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Acta Cirurgica Brasileira

Print version ISSN 0102-8650On-line version ISSN 1678-2674

Acta Cir. Bras. vol.20 no.6 São Paulo Nov./Dec. 2005

https://doi.org/10.1590/S0102-86502005000600009 

9 - ORIGINAL ARTICLE

 

Effects of L-alanyl-glutamine upon the blood and kidney biochemical parameters in the rat hind limb model of ischemia/reperfusion1

 

Efeitos da L-alanil-glutamina sobre os parâmetros bioquímicos do sangue e do rim no rato submetido à isquemia/reperfusão do membro pélvico

 

 

Marcos Antonio AlvesI; Sérgio Botelho GuimarãesII; Daniel Aguiar DiasIII; Paulo Roberto Cavalcante de VasconcelosIII; Vicente de Paulo Martins CoelhoIII; Paulo Roberto Leitão de VasconcelosIV

IPost-Graduate Student (UFC)
IIMaster in Surgery, Associate Professor, Faculty of Medicine (UFC) Fortaleza, CE
IIIMedical students (UFC)
IVProfessor of Surgery (Ph.D.), Coordinator, Post-graduation Program (Stricto Sensu), Faculty of Medicine (UFC), Fortaleza, CE

Correspondence

 

 


ABSTRACT

PURPOSE: To investigate the effects of l-alanyl-glutamine (Ala-Gln) intragastric administration upon blood and kidney metabolic parameters alterations in rats subjected to ischemia/reperfusion of hind limb.
METHODS:
Forty-eight male rats were randomized in 2 groups offered via gavage either saline 2.0 mL (G-1) or Ala-Gln solution 0.75 mgKg-1(G-2) once a day at 7 AM during 7 days. One-hour after the last gavage (Day 7) all rats were submitted to ether anesthesia, laparotomy and clamping of the left iliac artery for 3 h. Kidney and blood samples were collected at the end of ischemic period (3h) and at 1-3-6h during reperfusion period for metabolites (pyruvate, lactate, glucose and ketone bodies) enzymatic analysis. ATP was also assayed in kidney samples.
RESULTS:
Lactacemia and ketonemia were significantly increased in Ala-Gln treated rats during reperfusion. Kidney pyruvate concentrations were significantly decreased and tissue lactate concentrations were significantly increased during reperfusion (1h and 3h) in G-2 rats compared with respective controls. Glucose, ATP and ketone bodies concentrations were significantly increased in the kidney in L-Ala-Gln treated rats at 3 hours after reperfusion as compared to respective controls.
CONCLUSIONS:
Unilateral hind limb ischemia in L-Ala-Gln pre-treated rats may induce increased lactacemia and increased kidney lactate concentrations, indicating increased glycolytic activity in renal medulla and in other peripheral tissues. Higher ketonemia during reperfusion may reflect a possible increase in ketogenesis due to lower insulin plasma concentration hepatic signaling as a result of increased glucose oxidation in peripheral tissues, caused by the intra-gastric administration of glutamine dipeptide, suggesting also decreased insulin resistance.

Key words: Ischemia. Reperfusion. Kidney. Metabolism. Rats, Wistar.


RESUMO

OBJETIVO: Investigar alterações dos parâmetros metabólicos no sangue e rim de ratos submetidos à isquemia/reperfusão do membro pélvico.
MÉTODOS: Quarenta e oito ratos machos foram distribuídos aleatoriamente em 2 grupos pré-tratados com administração intragástrica de solução salina 2,0 mL (G-1) ou L-alanil-glutamina 0,75 mgKg-1(G-2), uma vez ao dia (7:00h) durante 7 dias. Uma hora após a última gavagem todos os ratos foram anestesiados com éter dietílico, laparotomizados e submetidos ao pinçamento da artéria de ilíaca esquerda, durante 3 horas. Amostras foram coletadas ao término de isquemia e durante a reperfusão (1-3-6h) para determinação das concentrações in vivo de piruvato, lactato, glicose e corpos cetônicos (rim e sangue) e ATP (rim).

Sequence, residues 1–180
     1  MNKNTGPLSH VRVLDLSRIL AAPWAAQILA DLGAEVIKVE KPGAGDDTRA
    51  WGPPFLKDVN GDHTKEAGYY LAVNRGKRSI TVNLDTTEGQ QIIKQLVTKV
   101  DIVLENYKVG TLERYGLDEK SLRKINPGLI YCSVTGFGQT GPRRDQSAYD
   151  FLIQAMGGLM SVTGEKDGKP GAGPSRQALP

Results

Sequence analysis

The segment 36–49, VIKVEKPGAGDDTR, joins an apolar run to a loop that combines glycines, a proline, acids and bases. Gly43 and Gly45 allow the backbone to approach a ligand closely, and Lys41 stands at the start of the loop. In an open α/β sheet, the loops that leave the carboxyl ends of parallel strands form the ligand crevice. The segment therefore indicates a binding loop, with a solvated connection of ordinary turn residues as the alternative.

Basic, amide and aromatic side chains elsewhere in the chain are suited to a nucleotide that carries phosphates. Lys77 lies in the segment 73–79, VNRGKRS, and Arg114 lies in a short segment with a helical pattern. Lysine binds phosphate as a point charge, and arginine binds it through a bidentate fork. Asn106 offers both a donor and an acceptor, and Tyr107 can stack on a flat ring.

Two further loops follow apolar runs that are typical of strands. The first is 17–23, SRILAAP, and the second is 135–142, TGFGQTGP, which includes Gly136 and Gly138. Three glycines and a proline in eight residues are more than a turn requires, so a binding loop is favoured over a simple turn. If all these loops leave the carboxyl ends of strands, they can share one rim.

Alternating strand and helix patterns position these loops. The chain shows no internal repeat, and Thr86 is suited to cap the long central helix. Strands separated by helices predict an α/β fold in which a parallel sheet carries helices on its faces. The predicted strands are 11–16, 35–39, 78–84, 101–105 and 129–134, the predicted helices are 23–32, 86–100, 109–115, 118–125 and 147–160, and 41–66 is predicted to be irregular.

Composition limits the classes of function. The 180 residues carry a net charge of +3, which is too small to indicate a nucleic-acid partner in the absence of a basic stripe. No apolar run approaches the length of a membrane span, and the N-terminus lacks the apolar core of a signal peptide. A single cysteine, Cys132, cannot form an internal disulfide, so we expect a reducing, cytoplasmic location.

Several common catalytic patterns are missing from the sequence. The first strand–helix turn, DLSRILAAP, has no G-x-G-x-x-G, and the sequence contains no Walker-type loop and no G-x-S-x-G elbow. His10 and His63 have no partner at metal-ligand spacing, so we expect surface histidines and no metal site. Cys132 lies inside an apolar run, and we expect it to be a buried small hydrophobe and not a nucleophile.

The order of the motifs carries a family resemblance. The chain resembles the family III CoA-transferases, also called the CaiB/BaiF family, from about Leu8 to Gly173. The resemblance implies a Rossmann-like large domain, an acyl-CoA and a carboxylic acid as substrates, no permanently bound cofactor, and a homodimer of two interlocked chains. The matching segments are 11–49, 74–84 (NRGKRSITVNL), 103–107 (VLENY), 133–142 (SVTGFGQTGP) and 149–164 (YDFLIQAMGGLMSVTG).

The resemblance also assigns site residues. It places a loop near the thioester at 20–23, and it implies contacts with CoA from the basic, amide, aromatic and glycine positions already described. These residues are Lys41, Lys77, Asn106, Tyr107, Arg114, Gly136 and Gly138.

RESULTADOS:
Lactacemia e cetonemia aumentaram no grupo G-2 quando comparadas às aferidas em ratos não-tratados, durante a reperfusão. As concentrações de piruvato diminuíram e de lactato aumentaram significativamente no rim, durante a reperfusão (1h, 3h) em ratos do G-2 comparados aos respectivos controles. Houve um aumento significante nas concentrações renais de glicose, ATP e corpos cetônicos nos ratos tratados com L-alanil-glutamina durante a reperfusão (3h).
CONCLUSÕES:
A isquemia do membro pélvico em ratos pré-tratados com L-alanil-glutamina induz aumento da lactacemia e da concentração de lactato renal, indicando atividade glicolítica aumentada na medula renal. A hipercetonemia induzida pela oferta do dipeptídeo sugere cetogênese elevada, sinalizada por possível queda nas concentrações plasmáticas de insulina resultante da maior oxidação de glicose e utilização desse hormônio em tecidos periféricos.

Descritores: Isquemia. Reperfusão. Rim. L-Alanil-glutamina. Metabolismo. Ratos Wistar.


 

 

Introduction

Ischemia leads to muscle cell energy failure and biochemical alterations. Skeletal muscle represents 70 to 75% of the whole mass of the inferior members and 80% of the active metabolism of the organism. Skin, bones and tendons are quite resistant to the hypoxia compared with the skeletal muscle that exhibits an intermediate resistance under the same condition. That relative tolerance to the ischemia is largely owed, not only the low metabolic activity in rest, as well as to the great glycogen and high energy phosphates storage. Under these conditions basic cellular functions are maintained via anaerobic glycolysis.1 As early as 1941 investigators have described a renal complex metabolic syndrome secondary to ischemia and reperfusion of lower limbs.2 It is well established that exposure to hypoxia results in local tissue injury. The ischemic lesion may be aggravated by the return of fresh blood flow to the ischemic muscle originating the so-called reperfusion syndrome. The ill effects of this syndrome affect not just the local tissues. Remote organs such as the heart, kidneys, liver and lungs may be affected.3 The search for efficient substances to revert or attenuate the ischemia/reperfusion injury has been pursued extensively and new drugs are continually being added to the already extensive list of compounds. Glutamine is considered a conditionally essential amino acid, since endogenous glutamine production may be insufficient to meet the increased requirements during catabolic stress conditions.4 In addition, glutamine is the most abundant free amino acid in the extra and intracellular compartments, contributing to more than 50% of the body free amino acid pool and may it may play a significant role in the biochemical changes that occur during ischemia.4,5 The aim of this study is to examine the effect of L-alanyl-glutamine intra-gastric pre-treatment in rats subjected to 3-hour hind limb ischemia upon blood and kidney biochemical parameters by assaying in vivo concentrations of pyruvate, lactate, glucose, ketone bodies and ATP (only in kidney tissue).